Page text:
Source: Faith Bemiss | DemocratSmith-Cotton High School Show Choir sings at the 2016 Veterans Day ceremonies at the Pettis County Courthouse Friday morning.
Special guest speaker for Veterans Day ceremonies Friday morning was Brigadier Gen. Paul W. Tibbets IV, the commander of the 509th Bomb Wing at Whiteman Air Force Base.
Tibbets spoke on the Pettis County Courthouse steps to a large group of veterans and citizens, reminding the public that America has the “best military in the world” and he thanked the community for supporting the men and women who serve.
“It reminds us all too often what a privilege it is to do what we do,” he noted. “We could never do what we do without your support.”
Tibbets told the crowd that WAFB “honors those that have come before us,” and “those that come after us.”
“We honor those that served; the shoulders of giants on which we stand on,” he noted. “Because we understand that we would not be where we are today had it not been for those that served before us.
“We understand that this nation is a great nation because of those people who have served, and continue to serve,” Tibbets said.
Tibbets spoke to the crowd about his grandfather, the late Brig. Gen. Paul Tibbets Jr., who flew the Enola Gay in World War II and dropped the first atomic bomb on Hiroshima.
“He played a significant role in our nation’s history,” Tibbets said. “At Whiteman we celebrate our history, we celebrate our heritage, we celebrate those that have come before us. Not just to honor them … but we also do it because history makes us smarter, heritage makes us prouder …”
He added that all the men and women who served before him “set the stage” for him to be able to serve. His grandfather, Paul Tibbets Jr., was pulled out of the war, brought back to Nebraska and was asked to learn to fly the B-29.
“It was the only airplane that could deliver these weapons,” Tibbets said. “At the time my grandfather had no idea why he was doing what he was doing, only that he was a great American who wanted to serve his country. Generations of Americans are alive because those great men did what they did.”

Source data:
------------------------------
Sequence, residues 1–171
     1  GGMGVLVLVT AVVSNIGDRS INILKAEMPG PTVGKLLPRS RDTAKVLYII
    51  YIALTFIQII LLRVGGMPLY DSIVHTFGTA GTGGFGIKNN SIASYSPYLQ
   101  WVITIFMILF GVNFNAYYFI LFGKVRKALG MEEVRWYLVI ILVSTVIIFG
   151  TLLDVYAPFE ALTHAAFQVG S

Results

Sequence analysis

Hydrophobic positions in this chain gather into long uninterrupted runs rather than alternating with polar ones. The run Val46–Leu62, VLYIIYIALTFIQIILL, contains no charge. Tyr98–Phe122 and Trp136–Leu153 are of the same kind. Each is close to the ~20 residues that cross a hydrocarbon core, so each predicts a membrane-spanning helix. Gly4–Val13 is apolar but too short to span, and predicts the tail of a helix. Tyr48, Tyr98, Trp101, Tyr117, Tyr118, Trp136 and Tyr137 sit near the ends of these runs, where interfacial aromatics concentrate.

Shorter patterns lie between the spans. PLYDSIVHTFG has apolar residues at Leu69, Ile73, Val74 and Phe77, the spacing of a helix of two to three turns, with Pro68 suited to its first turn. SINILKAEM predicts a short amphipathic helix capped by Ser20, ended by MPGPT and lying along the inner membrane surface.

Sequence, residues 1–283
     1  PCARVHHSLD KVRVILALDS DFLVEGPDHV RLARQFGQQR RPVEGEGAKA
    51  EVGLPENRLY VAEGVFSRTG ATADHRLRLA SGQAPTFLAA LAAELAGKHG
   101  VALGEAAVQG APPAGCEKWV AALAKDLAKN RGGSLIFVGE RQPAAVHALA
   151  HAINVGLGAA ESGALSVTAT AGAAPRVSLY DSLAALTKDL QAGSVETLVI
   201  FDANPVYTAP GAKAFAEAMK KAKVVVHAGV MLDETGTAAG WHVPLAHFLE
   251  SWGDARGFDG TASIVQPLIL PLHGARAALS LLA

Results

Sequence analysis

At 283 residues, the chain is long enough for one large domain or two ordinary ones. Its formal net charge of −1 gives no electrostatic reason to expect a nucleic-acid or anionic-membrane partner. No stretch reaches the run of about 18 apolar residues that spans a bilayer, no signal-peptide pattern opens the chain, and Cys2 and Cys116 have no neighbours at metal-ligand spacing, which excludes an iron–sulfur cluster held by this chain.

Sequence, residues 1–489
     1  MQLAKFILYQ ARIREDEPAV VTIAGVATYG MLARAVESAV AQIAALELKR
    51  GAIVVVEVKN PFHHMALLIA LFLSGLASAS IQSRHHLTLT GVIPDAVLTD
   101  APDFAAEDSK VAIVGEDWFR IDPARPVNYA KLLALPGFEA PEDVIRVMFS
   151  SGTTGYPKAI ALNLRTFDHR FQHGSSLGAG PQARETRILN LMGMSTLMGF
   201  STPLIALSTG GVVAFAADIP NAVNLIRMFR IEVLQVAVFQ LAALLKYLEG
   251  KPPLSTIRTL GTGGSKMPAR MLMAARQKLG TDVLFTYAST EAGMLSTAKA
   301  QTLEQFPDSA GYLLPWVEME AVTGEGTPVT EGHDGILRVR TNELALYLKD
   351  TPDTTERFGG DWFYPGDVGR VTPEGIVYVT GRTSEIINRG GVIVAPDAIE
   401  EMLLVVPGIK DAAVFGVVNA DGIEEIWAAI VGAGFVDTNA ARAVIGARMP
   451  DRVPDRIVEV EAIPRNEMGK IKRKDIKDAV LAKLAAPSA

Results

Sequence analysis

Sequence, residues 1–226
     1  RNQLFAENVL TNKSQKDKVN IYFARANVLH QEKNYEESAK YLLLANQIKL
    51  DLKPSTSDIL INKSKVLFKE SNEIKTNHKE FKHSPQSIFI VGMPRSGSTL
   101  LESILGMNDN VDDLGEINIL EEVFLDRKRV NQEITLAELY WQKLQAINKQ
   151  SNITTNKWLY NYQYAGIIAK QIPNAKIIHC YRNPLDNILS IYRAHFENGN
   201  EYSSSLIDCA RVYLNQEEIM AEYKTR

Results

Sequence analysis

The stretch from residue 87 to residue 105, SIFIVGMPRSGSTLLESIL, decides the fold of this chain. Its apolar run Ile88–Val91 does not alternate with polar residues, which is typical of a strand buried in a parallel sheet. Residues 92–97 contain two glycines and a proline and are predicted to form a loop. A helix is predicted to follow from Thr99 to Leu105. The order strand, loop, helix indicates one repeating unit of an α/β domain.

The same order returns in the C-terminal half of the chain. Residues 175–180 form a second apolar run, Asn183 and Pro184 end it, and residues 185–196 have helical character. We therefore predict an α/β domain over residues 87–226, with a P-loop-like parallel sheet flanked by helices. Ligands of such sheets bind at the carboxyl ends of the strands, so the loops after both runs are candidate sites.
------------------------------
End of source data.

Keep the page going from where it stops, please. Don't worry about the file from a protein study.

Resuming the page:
Tibbets said in 1948 his grandfather was invited to the White House by President Harry Truman. He noted that a friend told him that Truman probably “knew exactly what your grandfather and those that he served with were going through.”
He noted that the burden of what has to be done in war can weigh heavy on the men and women who serve. The conversation his grandfather had with the President prepared him for the rest of his life.
” … Look it’s not going to be all rosy,” Tibbets said. “As you continue to live and as people continue to develop their great thoughts … it may not be always great for them. If you have ever heard my grandfather speak, you would know that his last day that he was breathing on this earth … he said ‘we did the right thing, because it was the right thing to do. We did exactly what we were supposed to do and we brought that war to an end.’
“The messengers tend to get blamed in the military because we are carrying out orders,” Tibbets added. “He was asked over and over if he had any regrets, until his last breath his answer was ‘no.’”
Tibbets noted that the men and women who serve are not “serving themselves, that’s not who we are.”
“Our folks who are out in law enforcement, and all the other areas of people who serve, serve something bigger than who they are,” he said. “Just like them, our military puts their lives on the line too, to do what their nation asks them to do.”
Tibbets added that he was honored to lead the “great” airmen at WAFB.
“Here’s my final message to you … we remember those folks that served before us.” he said. “We remember those that served … we are a grateful nation that remembers service and those that sacrificed for us, for your sons and daughters.”
Also participating in the ceremony was Smith-Cotton High School Show Choir, the S-C JROTC Color Guard and American Legion Post 642 National Champion Color Guard. A Laying of the Wreaths ceremony was conducted commemorating all wars from World War I to the present and also military working dogs.
Faith Bemiss can be reached at 530-0289 or on Twitter @flbemiss.